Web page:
• were expected to live greater than 12 months (based on the geriatricians’ expert opinion);

  • were able to walk 3 m with or without an assistive device; and

  • were able to provide written informed consent.

We excluded those with a neurodegenerative disease (e.g., Parkinson’s disease) or dementia, patients who recently had a stroke, those with clinically significant peripheral neuropathy or severe musculoskeletal or joint disease, and anyone with a history indicative of carotid sinus sensitivity (i.e., syncopal falls). We highlight that exclusions for this study were based on clinical grounds. The Falls Prevention Clinic is targeting treatment of older adults at risk of impaired mobility and functional decline specifically. Thus individuals with neurodegenerative disease or dementia are referred to alternate clinics.

Ethical approval was obtained from the Vancouver Coastal Health Research Institute and the University of British Columbia’s Clinical Research Ethics Board (H09-02370). All participants provided written informed consent.

Vancouver falls prevention clinic measures

A comprehensive set of measurements relating to mobility and cognitive function that were collected at baseline are described below.

Comorbidity, activities of daily living and depression

Functional comorbidity index (FCI) was calculated to estimate the degree of comorbidity associated with physical functioning [26]. This scale’s score is the total number of comorbidities. We used the 15-item Geriatric Depression Scale (GDS) [27, 28] to indicate the presence of depression; a score of ≥ 5 indicates depression [29].

Balance and mobility

Mobility and balance were assessed using the Short Physical Performance Battery (SPPB) [30] and the Timed-Up-and-Go Test (TUG) [31]. For the Short Physical Performance Battery, participants were assessed on performances of standing balance, walking, and sit-to-stand performance. Each component is rated out of four points, for a maximum of 12 points; a score < 9/12 predicts subsequent disability [32]. For the TUG, participants rose from a standard chair, walked a distance of three meters, turned, walked back to the chair and sat down [31]. We recorded the time (in seconds) to complete the TUG, based on the average of two separate trials. A TUG performance time of ≥ 13.5 s correctly classified persons as fallers in 90 % of cases [31].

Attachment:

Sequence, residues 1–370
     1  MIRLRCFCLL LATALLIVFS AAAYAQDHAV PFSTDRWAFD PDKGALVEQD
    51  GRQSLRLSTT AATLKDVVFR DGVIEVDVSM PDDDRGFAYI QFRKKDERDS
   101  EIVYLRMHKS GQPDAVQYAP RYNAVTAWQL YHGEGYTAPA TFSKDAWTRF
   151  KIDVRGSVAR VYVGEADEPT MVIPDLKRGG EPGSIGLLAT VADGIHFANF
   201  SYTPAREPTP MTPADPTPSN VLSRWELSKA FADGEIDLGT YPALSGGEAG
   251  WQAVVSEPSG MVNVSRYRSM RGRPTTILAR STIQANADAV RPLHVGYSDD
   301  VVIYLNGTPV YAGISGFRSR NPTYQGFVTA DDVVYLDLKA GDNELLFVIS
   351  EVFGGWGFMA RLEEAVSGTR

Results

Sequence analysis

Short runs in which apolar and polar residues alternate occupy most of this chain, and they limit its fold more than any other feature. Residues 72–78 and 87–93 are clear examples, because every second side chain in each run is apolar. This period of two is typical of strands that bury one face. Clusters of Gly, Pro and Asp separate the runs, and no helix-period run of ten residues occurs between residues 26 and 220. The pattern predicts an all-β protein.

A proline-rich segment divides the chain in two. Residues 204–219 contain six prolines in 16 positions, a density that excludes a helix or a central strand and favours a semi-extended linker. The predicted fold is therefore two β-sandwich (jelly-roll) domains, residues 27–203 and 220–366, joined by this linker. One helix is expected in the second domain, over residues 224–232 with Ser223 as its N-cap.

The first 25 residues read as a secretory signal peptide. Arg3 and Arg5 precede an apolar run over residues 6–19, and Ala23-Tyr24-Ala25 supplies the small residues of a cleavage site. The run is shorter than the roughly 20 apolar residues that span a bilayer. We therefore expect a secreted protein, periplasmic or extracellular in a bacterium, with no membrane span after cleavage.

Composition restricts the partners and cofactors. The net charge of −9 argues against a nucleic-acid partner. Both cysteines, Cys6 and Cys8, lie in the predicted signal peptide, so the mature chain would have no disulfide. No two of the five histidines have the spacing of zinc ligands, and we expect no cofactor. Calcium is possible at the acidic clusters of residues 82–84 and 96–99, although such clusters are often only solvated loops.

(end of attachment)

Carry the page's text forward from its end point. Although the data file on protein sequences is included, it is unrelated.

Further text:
Physiological falls risk

Physiological falls risk was assessed using the short form of the Physiological Profile Assessment (PPA). The PPA is a valid and reliable [33] measure of falls risk. Based on a participant’s performance in five physiological domains—postural sway, reaction time, strength, proprioception, and vision—the PPA computes a falls risk score (standardized score) that has a 75 % predictive accuracy for falls in older people [34, 35]. A PPA Z-score of ≥ 0.60 indicates high physiological falls risk [36].

Global cognitive function

We assessed global cognition using the Mini Mental State Examination (MMSE) and the Montreal Cognitive Assessment (MoCA). The MMSE is a widely used and well-known questionnaire used to screen for cognitive impairment (i.e., MMSE <24) [37]. It is scored on a 30-point scale with a median score of 28 for healthy community dwelling octogenarians with more than 12 years of education [37]. The MMSE may underestimate cognitive impairment for frontal system disorders because it has no items specifically addressing executive function [37].